Ben McLannahan

Ben McLannahan covers markets and economics for the FT from Tokyo, and before that he wrote Lex notes from London and Hong Kong. He studied English at Cambridge University and joined the FT in 2007, after stints at the Economist Group and Institutional Investor.

Ben McLannahan

“Inflation expectations appear to be rising on the whole.”

Check out the last 11 policy statements from the Bank of Japan: you’ll find the same line, an upgrade from a milder assertion about “some indicators” last July.

But according to the second round of the BoJ’s survey of companies’ expectations for price rises – the grand-sounding “inflation outlook of enterprises”, published on Wednesday – expectations are not rising. If anything, they’re falling. Read more

Ben McLannahan

Next week’s policy meeting at the Bank of Japan is expected to be much like the 14 others since the dawn of “quantitative and qualitative easing” (QQE) last April: plenty of upbeat talk about recovery, but no change to the scale or the pace of easing.

And some think the inaction will extend a lot longer. Expectations of another shot of stimulus – “QQE2” – have been shifting back all year. According to the latest Nikkei survey, almost one-tenth of market participants now expect no further action at all. Here are four reasons why: Read more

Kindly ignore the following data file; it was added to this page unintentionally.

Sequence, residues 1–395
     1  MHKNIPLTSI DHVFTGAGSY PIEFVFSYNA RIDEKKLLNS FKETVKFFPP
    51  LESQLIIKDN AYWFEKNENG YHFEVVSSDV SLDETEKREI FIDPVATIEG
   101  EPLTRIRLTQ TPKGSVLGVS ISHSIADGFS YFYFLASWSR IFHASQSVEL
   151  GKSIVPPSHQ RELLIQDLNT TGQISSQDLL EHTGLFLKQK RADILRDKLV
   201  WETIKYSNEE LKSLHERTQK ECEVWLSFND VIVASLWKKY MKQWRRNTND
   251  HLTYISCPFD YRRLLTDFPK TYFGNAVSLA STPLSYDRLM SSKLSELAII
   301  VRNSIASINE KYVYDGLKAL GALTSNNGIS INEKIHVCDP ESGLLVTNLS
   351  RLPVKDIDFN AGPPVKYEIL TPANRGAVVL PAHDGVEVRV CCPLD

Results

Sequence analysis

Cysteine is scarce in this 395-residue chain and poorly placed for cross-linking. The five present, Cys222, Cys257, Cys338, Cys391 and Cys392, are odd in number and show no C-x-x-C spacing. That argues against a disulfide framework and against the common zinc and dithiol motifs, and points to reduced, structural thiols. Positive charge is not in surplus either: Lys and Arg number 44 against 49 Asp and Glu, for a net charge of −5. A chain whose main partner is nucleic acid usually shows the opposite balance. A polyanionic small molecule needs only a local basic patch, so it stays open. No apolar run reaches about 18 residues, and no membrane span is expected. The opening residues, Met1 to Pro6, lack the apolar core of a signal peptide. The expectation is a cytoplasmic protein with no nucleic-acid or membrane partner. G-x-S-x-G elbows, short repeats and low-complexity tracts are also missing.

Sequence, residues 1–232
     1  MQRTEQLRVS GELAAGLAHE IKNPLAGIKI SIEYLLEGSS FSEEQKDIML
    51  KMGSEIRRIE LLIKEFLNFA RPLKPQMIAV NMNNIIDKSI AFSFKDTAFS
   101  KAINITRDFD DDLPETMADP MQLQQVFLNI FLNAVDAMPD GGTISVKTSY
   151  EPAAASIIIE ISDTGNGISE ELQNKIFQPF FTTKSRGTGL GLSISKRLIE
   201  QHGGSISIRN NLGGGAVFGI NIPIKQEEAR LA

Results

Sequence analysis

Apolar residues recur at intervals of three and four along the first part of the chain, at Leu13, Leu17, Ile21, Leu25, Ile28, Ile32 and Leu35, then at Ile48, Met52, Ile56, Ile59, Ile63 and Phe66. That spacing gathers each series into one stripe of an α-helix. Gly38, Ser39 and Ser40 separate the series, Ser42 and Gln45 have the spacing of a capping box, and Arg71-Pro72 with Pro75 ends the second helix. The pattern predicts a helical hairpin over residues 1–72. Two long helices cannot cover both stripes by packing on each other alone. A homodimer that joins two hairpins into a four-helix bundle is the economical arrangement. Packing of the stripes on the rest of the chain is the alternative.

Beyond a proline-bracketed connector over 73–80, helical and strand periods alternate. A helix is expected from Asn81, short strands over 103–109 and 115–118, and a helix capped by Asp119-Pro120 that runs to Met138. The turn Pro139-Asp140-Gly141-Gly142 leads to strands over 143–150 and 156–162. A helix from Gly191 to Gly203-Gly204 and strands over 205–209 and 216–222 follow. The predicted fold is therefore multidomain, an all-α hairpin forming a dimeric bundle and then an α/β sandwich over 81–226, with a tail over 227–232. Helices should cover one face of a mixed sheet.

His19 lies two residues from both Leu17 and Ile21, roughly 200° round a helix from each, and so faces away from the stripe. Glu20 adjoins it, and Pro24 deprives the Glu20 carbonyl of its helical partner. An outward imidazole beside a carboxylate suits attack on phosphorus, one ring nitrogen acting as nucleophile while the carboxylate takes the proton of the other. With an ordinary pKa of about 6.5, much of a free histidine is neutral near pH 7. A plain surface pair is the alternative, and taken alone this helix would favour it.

Ben McLannahan

Last Friday marked the one-year anniversary of QQE – the aggressive monetary easing regime launched by Bank of Japan governor Haruhiko Kuroda. Under the new policy, dubbed “quantitative and qualitative easing,” the BoJ hoovers up just about every long-term bond the market is offering, with the aim of keeping interest rates low and stable enough to drive investors into riskier assets.

So far it has mostly done the job, with the currency down, stock markets up, and signs of a pick-up in lending. Meanwhile the drop in the yen has pushed core inflation to 1.3 per cent – apparently on course to hit the 2 per cent target within the original time-frame outlined last April.

But over the weekend Twitter seemed more interested in a long speech by Masaaki Shirakawa, Mr Kuroda’s predecessor, delivered last September but published (with footnotes) last week on the Bank for International Settlements website. Read more